As Jeffers spoke, the city's mayoral candidates sat before an audience of more than 500 who had been bused in from Tennessee and elsewhere in Louisiana, as well as several hundred evacuees in Houston, Austin, San Antonio and Dallas who were watching the candidates being questioned on satellite. Five days later Jeffers, a leader with the nonprofit Industrial Areas Foundation (IAF), who moved from Gentilly to Houston after Katrina, schlepped through the unforgiving Texas heat distributing food and signing up eighty evacuees for their absentee ballots at the Encore housing complex. Meanwhile, various organizations have been ferrying people from neighboring states to satellite polling stations dotted around Louisiana for early voting in the April 22 election.

But they are operating under intolerable conditions, not least where these elections are concerned. By almost any standard--international or local--these elections are neither free nor fair. More than half the city's residents have not returned. But requests for polling stations to be set up in the major towns outside the state where they have resettled were rejected by a federal court judge, a decision supported by the Louisiana legislature. "You're telling me they can do it in Iraq but they can't do it here?" asks Walter Milton, another IAF leader.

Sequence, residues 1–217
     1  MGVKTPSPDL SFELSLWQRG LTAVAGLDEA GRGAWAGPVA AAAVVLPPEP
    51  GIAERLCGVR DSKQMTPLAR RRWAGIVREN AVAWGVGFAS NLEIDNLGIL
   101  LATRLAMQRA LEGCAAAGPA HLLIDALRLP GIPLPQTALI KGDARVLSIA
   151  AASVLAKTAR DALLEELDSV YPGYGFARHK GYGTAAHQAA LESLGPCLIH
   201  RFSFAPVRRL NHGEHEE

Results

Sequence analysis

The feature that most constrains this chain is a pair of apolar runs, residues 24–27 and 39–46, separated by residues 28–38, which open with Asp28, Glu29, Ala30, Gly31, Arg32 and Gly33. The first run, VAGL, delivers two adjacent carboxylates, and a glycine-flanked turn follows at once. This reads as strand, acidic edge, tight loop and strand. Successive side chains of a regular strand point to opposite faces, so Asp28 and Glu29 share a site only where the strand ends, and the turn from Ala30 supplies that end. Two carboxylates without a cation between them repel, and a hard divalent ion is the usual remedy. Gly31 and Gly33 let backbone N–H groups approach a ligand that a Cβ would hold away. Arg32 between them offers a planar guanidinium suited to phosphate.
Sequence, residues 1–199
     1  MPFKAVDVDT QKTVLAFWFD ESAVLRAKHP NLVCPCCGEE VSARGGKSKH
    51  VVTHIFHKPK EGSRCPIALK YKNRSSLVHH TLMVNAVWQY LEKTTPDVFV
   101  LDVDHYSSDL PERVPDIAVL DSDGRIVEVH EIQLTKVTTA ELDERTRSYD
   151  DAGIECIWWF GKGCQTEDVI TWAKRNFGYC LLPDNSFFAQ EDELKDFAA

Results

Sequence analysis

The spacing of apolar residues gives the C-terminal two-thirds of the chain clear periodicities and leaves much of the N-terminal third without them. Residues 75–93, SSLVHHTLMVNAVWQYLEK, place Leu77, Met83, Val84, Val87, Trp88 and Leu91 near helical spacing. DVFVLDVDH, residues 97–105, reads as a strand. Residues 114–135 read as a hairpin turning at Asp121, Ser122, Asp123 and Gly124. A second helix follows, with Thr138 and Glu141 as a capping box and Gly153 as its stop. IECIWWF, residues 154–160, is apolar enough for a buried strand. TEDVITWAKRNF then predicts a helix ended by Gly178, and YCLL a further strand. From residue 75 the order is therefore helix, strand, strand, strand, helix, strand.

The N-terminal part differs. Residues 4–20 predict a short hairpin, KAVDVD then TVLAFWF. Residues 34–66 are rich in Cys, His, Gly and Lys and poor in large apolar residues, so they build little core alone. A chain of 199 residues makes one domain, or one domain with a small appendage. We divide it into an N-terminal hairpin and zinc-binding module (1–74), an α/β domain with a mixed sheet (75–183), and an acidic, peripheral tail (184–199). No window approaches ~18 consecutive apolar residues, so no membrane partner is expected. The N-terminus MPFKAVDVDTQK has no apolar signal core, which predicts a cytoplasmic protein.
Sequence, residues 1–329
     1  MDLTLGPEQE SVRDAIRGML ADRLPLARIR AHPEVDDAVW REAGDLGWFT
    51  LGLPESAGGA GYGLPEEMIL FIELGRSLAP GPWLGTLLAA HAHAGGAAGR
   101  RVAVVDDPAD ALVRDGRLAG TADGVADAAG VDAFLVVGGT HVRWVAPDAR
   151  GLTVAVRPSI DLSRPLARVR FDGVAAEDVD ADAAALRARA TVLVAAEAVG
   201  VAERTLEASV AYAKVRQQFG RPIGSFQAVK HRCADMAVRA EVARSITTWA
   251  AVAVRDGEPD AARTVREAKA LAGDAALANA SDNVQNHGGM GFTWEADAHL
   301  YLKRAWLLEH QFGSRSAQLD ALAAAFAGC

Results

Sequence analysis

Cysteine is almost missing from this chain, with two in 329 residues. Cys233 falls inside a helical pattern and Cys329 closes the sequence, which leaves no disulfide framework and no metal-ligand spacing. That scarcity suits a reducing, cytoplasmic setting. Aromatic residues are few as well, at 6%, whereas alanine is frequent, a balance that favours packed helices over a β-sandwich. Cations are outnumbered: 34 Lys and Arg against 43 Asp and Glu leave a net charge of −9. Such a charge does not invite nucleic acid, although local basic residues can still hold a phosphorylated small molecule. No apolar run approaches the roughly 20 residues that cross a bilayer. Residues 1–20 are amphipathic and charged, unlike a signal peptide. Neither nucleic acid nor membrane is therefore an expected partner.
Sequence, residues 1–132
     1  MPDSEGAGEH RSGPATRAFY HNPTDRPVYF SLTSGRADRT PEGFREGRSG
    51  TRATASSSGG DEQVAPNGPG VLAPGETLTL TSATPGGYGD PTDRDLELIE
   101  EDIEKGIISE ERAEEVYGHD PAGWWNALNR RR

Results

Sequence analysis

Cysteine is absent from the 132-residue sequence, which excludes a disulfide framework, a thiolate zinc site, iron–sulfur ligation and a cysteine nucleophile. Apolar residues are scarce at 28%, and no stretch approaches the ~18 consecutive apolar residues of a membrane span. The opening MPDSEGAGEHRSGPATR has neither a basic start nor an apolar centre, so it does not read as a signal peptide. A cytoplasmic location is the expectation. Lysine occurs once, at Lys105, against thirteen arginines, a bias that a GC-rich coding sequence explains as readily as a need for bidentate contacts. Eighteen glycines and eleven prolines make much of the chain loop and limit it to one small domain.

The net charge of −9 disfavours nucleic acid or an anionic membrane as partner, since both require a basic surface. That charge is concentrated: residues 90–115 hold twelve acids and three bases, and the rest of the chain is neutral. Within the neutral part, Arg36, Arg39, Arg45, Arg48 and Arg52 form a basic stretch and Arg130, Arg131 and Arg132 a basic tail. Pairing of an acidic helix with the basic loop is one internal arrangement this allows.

As a result, people have to travel hundreds of miles to vote or organize an absentee vote. The overwhelming majority of those who will be most adversely affected are once again black and poor. So Jim Crow is on the ballot. But this is the New South with a new, more subtle but no less effective racism. Black demands for full citizenship no longer fall afoul of the law of the land but instead the law of probability. They were more likely to be flooded, more likely to be displaced, least likely to be able to return and therefore least likely to be able to vote.